The drawing below shows a similar layout, except that the kicks are made at a 45° angle.  The Cosecant of 45° is 1.414, so the math becomes a little more difficult.  There are some advantages though.  The distance between the conduit centers is still 2", but the distance between holes in the junction box are only 2-13/16, instead of the 4" needed to make the 30° kicks.  The four conduits will now fit into a smaller junction box, in this case 12".  The distance between the conduit holes is now 1.414 x 2 = 2.828, or 2-13/16"

The drawing below also shows a similar layout, except that the kicks are made at a 60° angle.  The Cosecant of 60° is 1.155.  Again, the distance between the conduit centers is still 2", but the distance between holes in the junction box are only 2-5/16, instead of the 4" needed to make the 30° kicks.  The four conduits will now fit into a smaller junction box, in this case 10".  The distance between the conduit holes in the junction box is 1.155 x 2 = 2.310, or 2-5/16"

You can see that the higher the angle of the kick, the closer together the holes in the junction box are, and the smaller the junction box can be to fit the required number of conduits out the top.  The more compact the setup is, the closer the junction box may be to the first overhead strut.

There is also something happening here that you may want to note.  As the angle of the kick increases, even though the center to center distance between the straight part of the conduits remains constant, in the examples, at 2", the distance between the centers of the kicks is getting larger.  This is because the angle of the kick is increasing, but the radius of the bend is remaining constant.  The distances between the center of the inside conduit to the center of the outside conduit, at the center of the bends are:

• in the 30° kick example, the distance is 6.2117", or 6-3/16"  *
• in the 45º kick example, the distance is 6.4762", or 6-1/2"  *
• in the 60º kick example, the distance is 6.9282", or 6-15/16"  *

This is not a large amount, but if you compare the 3 example drawings, you will notice the difference.

There is one more example that I want to illustrate.  In the drawing below, each of the 4 conduits are different sizes.  The 4 shown are, from the left to right, a 1/2" EMT, a 1" EMT, a 2-1/2" EMT, and a 4" EMT.  When conduits of different sizes are installed together on the same rack, it is more common to make the distances between the conduits equal, rather that to make the center to center distance between the conduits equal.  In this example, 1-1/2" spacing is used between conduits.  This is a very common spacing to use.  It keeps the width of the rack fairly small, but there is still enough spacing to add or remove strut straps.  You can see from the drawing that the amount of the centerline kicks varies from conduit to conduit, and takes a little more work to lay out the bends.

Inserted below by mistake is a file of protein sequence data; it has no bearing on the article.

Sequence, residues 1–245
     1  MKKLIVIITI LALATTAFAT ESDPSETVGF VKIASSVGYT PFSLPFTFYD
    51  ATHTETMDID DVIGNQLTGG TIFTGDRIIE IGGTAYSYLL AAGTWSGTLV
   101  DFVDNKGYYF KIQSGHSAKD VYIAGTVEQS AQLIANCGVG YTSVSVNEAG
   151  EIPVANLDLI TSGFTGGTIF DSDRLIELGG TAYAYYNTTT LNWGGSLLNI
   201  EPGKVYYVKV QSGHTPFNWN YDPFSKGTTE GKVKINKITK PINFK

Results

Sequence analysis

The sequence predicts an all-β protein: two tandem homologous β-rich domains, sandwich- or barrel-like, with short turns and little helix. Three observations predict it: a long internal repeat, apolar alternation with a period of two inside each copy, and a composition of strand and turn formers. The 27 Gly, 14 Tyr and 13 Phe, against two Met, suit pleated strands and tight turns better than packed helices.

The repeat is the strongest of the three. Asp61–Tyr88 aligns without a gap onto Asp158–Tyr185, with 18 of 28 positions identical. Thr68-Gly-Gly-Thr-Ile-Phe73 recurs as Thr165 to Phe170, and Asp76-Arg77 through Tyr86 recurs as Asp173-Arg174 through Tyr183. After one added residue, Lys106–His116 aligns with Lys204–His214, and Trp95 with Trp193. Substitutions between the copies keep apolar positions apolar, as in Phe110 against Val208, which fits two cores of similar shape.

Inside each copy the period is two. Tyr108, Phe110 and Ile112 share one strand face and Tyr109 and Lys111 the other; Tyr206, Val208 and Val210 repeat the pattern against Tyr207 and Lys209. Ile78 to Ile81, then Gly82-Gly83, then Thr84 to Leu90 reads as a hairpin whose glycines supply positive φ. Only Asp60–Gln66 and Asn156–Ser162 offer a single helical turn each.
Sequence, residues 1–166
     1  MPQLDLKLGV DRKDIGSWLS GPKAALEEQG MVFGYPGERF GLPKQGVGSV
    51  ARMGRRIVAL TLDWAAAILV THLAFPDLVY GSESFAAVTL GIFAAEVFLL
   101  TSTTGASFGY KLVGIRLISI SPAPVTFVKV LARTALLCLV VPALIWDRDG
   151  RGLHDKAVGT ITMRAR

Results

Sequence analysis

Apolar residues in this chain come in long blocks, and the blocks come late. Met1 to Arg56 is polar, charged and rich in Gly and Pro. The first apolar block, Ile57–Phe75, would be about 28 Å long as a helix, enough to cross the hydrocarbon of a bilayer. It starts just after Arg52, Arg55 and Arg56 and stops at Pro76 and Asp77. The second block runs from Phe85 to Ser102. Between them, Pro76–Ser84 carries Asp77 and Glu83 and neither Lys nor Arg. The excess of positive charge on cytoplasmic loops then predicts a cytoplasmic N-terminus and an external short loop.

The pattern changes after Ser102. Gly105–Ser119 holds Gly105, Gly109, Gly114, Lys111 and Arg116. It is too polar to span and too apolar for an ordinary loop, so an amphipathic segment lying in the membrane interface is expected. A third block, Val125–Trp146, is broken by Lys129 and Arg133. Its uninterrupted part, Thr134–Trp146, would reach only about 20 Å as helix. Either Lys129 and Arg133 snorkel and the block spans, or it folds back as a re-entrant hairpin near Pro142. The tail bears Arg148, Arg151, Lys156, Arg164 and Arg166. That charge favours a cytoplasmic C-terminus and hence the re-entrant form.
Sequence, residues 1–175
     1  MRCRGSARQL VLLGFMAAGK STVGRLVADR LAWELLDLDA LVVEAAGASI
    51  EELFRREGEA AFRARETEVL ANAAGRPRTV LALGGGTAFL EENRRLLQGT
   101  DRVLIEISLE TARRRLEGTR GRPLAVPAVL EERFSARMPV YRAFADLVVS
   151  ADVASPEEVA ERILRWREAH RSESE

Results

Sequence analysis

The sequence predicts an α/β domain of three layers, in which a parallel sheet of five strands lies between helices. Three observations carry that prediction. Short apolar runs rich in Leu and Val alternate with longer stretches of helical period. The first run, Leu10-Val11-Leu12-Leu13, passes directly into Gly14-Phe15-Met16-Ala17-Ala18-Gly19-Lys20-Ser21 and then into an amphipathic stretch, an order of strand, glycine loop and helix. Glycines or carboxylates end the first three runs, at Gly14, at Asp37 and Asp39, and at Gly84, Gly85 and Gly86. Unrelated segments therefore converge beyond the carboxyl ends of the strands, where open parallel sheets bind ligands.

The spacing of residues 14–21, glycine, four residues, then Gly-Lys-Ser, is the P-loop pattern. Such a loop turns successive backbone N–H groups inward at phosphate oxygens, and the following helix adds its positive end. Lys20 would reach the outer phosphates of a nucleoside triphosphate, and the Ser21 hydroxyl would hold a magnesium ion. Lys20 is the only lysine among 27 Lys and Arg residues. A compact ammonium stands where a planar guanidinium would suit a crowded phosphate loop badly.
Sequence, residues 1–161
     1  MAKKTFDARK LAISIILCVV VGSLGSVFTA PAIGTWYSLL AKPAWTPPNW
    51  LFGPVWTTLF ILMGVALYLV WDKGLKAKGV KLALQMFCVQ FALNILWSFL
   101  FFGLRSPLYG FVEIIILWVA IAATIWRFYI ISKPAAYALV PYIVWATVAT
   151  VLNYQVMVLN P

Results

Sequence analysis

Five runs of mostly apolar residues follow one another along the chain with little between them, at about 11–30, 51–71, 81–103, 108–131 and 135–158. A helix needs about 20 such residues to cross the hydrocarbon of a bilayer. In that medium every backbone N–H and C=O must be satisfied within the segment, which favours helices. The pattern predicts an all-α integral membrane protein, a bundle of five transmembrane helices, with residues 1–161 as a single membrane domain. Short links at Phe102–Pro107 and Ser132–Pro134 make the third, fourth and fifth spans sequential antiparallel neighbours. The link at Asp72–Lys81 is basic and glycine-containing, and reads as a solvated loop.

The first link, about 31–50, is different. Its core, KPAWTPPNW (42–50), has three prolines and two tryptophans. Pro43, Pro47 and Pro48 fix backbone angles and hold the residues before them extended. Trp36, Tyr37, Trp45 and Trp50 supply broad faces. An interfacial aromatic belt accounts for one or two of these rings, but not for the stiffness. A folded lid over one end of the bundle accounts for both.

We are using 45° kicks again, and the first conduit is still kicked at 10", as were the other drawings.  The Cosecant of the 45° angle is 1.414.  An easy way to layout the spacing is to lay the conduits on a table or the floor before bending, place pieces of 2x4 between them to get the 1-1/2" spacing, and measure the distances between centers.  Setting the first conduit at 10", causes the other conduit centers to be spaced at 12-1/4", 14-5/16", and 19-5/16".  The math to determine the lengths from the center of the 90° riser to the center of the kick is:

• 10" kick = 10 x 1.414 = 14.14 = 14-1/8"
• 12-1/4" kick = 12.25 x 1.414. = 17.3215 = 17-5/16"
• 14-15/16" kick = 14.9375 x 1.414 = 21.121625 = 21-1/8"
• 19-5/16" Kick = 19.3125 x 1.414 = 27.307875 = 27-5/16"

These calculations have nothing to do with the size of the conduit.  The center to center spacing of the conduits, and the size of the junction box are determined by the sizes of the conduits.

You may also notice that because of the different radii of each bend, there are differences in the spacing between the centers of the kicks.  If possible, you can help the appearance of the kicks by making all the bends on the shoe of the largest bender used.  If you place a 1/2" EMT conduit as the inside kick with the next conduit being a 4" EMT, the two conduits can come so close together that they contact.

The ability to keep the distances between conduits equal all becomes a near impossible task if a panel, junction box, or trough is used with pre-punched holes.  I have exchanged a blank end off the bottom of a panel with a pre-punched end from the top of the panel.  The best solution is to order panels, junction boxes, and troughs with blank ends and sides.  If this is not possible, the electrician may have to use double 90° bends, rather than kicks, or allow the bends to be closer together between the junction box and the kick because of using pre-punched conduit holes.

* I can accurately measure the distances, because the drawings are all drawn to scale in AutoCAD, and the program will measure the distances for me.